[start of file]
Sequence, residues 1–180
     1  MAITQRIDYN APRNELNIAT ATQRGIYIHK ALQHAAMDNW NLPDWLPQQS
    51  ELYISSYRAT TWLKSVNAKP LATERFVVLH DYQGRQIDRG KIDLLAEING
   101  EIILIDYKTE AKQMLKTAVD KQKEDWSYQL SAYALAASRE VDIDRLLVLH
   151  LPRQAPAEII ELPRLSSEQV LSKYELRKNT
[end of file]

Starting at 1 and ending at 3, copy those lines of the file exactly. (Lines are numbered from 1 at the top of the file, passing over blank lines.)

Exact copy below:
Sequence, residues 1–180
     1  MAITQRIDYN APRNELNIAT ATQRGIYIHK ALQHAAMDNW NLPDWLPQQS
    51  ELYISSYRAT TWLKSVNAKP LATERFVVLH DYQGRQIDRG KIDLLAEING